Portland is often defined by its passions for, among other things, social justice and coffee. At the intersection of those two subjects lives Revolución Coffee House, a downtown Portland café with a Mexican twist, run by community organizer and entrepreneur Maria Garcia.
Maria Garcia’s story
Growing up in the bustling Mexico City metropolis, Garcia learned the rich histories and stories of her country’s food. She witnessed the gendered divide of cooking and cleaning, and understood that women were vital in keeping culinary traditions alive, generation by generation. After living in Palm Springs, California, for a decade, she moved to Portland at age 28 and found work with the Mexican Consulate. As she immersed herself in helping her paisanos (compatriots) navigate U.S. bureaucracy, she saw a need to share her culture with a wider audience.
“I realized how important coffee was here in Portland,” Garcia recalls. “I wanted to open a Mexican restaurant, but I couldn’t find a place big enough, so I saw this space for lease and thought of something smaller.” After careful consideration, she decided to pair coffee sourced from Chiapas, Mexico, with traditional Mexican beverages.
Traditional Mexican treats
While the café offers an assortment of Mexican staples, Revolución is best known for a trio of traditional drinks. Cups of warm, corn masa-based atole are sweetened with shaved piloncillo (unrefined cane sugar). Aromatic cinnamon-laced café de la olla is served by the pot. And thick, rich mugs of champurrado combine hot chocolate mixed with corn flour.
“I named it Revolución because of the products we sell,” Garcia explains. “I’m from Mexico City and in the morning [there], you see ladies selling tamales or atole or champurrado, but it’’ revolutionary in Portland.”
In the small coffeehouse kitchen, Garcia helps prepare crisp empanadas and desserts inspired by her mother and sister’s recipes. During Revolución’s early years, Garcia made everything herself. After four years in business, however, she has hired help to make more time in her life for herself and for civic engagement. This decision proved especially important when Garcia launched a political campaign in pursuit of a role as Multnomah County Commissioner for District 2. (Garcia was defeated in the primary election held on May 15, 2018.)
While some small business owners might shy away from the political, Garcia says her values are reflected in all aspects of her life. At Revolución, Garcia aspires to pay employees livable wages and takes the true cost of labor into consideration when setting prices. “It’s always considered that Mexican food is cheap, but nowadays nothing is cheap,” she says. “It’s a social issue.”
To counter the devaluing of “ethnic” food and to set a precedent for other Mexican women, Revolución’s tamales are large and priced at $6. But Garcia says that as much as they’re sharing food, they’re sharing history.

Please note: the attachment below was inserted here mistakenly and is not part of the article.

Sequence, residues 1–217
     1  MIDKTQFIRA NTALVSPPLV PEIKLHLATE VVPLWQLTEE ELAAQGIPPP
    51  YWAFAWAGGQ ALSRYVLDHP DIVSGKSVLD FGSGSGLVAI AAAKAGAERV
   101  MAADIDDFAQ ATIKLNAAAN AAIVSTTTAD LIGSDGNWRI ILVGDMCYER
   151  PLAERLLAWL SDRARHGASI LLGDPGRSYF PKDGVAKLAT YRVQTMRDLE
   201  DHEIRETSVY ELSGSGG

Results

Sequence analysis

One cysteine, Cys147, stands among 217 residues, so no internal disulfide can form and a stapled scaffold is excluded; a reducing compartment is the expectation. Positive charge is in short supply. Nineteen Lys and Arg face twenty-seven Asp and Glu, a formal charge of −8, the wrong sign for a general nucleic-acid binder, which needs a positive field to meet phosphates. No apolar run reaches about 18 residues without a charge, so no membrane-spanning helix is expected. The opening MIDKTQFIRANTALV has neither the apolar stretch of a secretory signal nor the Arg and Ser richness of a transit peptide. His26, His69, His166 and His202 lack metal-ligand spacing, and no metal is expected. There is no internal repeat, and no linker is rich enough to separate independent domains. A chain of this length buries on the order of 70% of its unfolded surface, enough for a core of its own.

“In Mexican gastronomy, pretty much all dishes have a story behind [them], and that’s the beauty,” Garcia says. “It’s not just colorful or tasty — you’re eating part of history. A lot has had to happen in specific places to create a dish.”
Garcia offers the examples of atole and champurrado: “These drinks represent the fusion of two cultures,” she says. “They have been made since Aztec times because corn has always been the core of Mexican gastronomy. The difference is that now they’re sweet. Before La Conquista, there was no sugar, so the Spaniards brought it.”
“These drinks [are] very filling, and the families who are very poor have to make [ends meet] somehow, so this is a way of getting nutrition in the morning,” she continues. “They’re considered the drinks of poor people, but it’s part of our gastronomy … Mexican gastronomy is more than just tacos and burritos. Actually, you don’t see burritos in Mexico. We have other things to offer. I saw the value of that.”
A more equitable food scene
With the rise of other Latin-American-owned Portland coffee businesses like Sandino Coffee, Garcia hopes to encourage others to actively work towards creating social equity. She notes the grave barriers to education, economic capital and support that often leave people from marginalized communities unable to pursue their dreams in the food industry.
“Food and social justice go together,” she says. “Everything is social justice because everything is a social issue. Having a [business] doesn’t just mean being successful … As a business owner, you have to become committed to not just to make a profit, but to walking a different path. How can we influence things together?”